Although speech recognition software has been around for decades, and is now built into many smartphones and PCs, not everyone feels comfortable using it. Why? Well, possibly because asking a computer to ‘listen’ in the same way as human beings, is a pretty complex area of computer science that doesn’t always come off.

A recent news story about the perils of auto correct when texting (‘Mother accidentally requests ‘wee blind girl’ on daughter’s 21st Birthday cake after autocorrect fail’) got me thinking about why speech technology is so often such an ordeal for people who have to use it. Many people find dealing with an IVR (Interactive Voice Response) telephone system, when calling a company with a query, can give them a huge headache.


Not only does the IVR ask you endlessly to ‘press 1’ for this option or ‘press 2’ for that option, but the recorded voice at the end of the line now often wants you to give more detailed information– what your query is about, your reference number, what town you are calling from and so on. And that’s where the problems can start.

Any sort of background noise, a poor telephone line or even a ‘non-standard’ accent can give the speech recognition technology a challenge as it struggles to ‘understand’ what’s being said. Of course it has a database of vocabulary to draw on and a set of algorithms – self-contained, step-by-step set operations – which it can perform to interpret those words in a certain sequence, but sometimes what the person at the end of the line is saying, just doesn’t match anything it’s familiar with. (For a humorous example of this, see Barry Kripke in ‘The Big Bang Theory’ with a bad case of rhotacism, trying to use Siri on his iPhone).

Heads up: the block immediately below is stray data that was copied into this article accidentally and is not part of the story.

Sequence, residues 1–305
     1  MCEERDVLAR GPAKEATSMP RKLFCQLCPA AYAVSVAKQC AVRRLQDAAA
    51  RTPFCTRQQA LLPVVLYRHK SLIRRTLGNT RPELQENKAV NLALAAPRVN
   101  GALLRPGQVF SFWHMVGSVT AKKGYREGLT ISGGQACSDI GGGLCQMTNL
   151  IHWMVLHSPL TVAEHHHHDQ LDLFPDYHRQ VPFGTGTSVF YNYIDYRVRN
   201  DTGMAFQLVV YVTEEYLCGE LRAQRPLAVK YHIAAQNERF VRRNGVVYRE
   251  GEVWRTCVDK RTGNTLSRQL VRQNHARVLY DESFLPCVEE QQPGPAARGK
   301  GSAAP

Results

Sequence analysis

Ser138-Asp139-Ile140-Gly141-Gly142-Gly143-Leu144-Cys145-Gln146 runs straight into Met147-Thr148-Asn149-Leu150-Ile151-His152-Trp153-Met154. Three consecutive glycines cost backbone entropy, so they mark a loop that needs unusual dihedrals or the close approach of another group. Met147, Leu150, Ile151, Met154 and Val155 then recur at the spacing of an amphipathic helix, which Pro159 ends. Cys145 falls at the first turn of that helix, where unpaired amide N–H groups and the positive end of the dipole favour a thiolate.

The term ‘speech recognition’ suggests that the language is being ‘understood’, but in fact, the technology, as well as learning a huge number of words, also recognises the relative frequency with which particular words occur in a particular sequence or in close proximity; and in this way, it can be ‘trained’ to make educated guesses on what words in a certain sequence mean even when they are homophones.

It’s a bit like hearing someone speaking in a foreign language. You only need to recognise a few words out of many and your brain will fill in the gaps for you from the context. When we speak, our voices generate little packages of sound called ‘phones’ and the blocks of sound that the ‘phones’ make up are called ‘phonemes’. Spoken languages are built up from these phonemes. English uses about 46 phonemes, while Spanish only has about 24.


So, when we hear someone talking, our ears hear the sounds and our brains translate them instantaneously into logic – sentences, thoughts, ideas – so that most of the time it all makes perfect sense. Occasionally, there’s some confusion when our brains try and make sense of words that sound as though they might be ‘right’, but don’t actually mean anything. For example, there’s a well-known history of song lyrics being misheard and misunderstood – a phenomenum known as ‘mondegreen’. (In the Jim Hendrix song “Purple Haze”, you would be more likely to hear Hendrix singing that he is about to kiss this guy than that he is about to kiss the sky.)

So you can imagine that speech technology has even more of a challenge than human brains. It was only around a decade ago that systems learnt to distinguish between discrete and continuous speech – that is, words spoken slowly with pauses in between them and words run together as they usually are in everyday conversation. Almost all modern systems are now capable of understanding continuous speech in the way it is normally spoken, but the next step forward has been a while coming.


Recently our company [24]7 has developed a customer engagement platform that integrates Microsoft’s DNN (Deep Neural Networks) or Deep Learning technology and gives an expected 95 percent accuracy to speech recognition technology – a huge improvement of 25 percent over previous models. It’s the very first on the market and is being put into practical use by car rental company Avis Budget Group.

This is a huge breakthrough in artificial intelligence (AI) and potentially a game changer for IVR and customer service. It draws on billions of vocalisations gleaned from Microsoft products, including customer-facing products such as Bing, Xbox and Cortana, making it the most advanced on the market. The outcome, as this type of integrated platform becomes more widely used, should be a lot less stress for customers when dealing with IVRs and a much better reputation all round for self service customer service.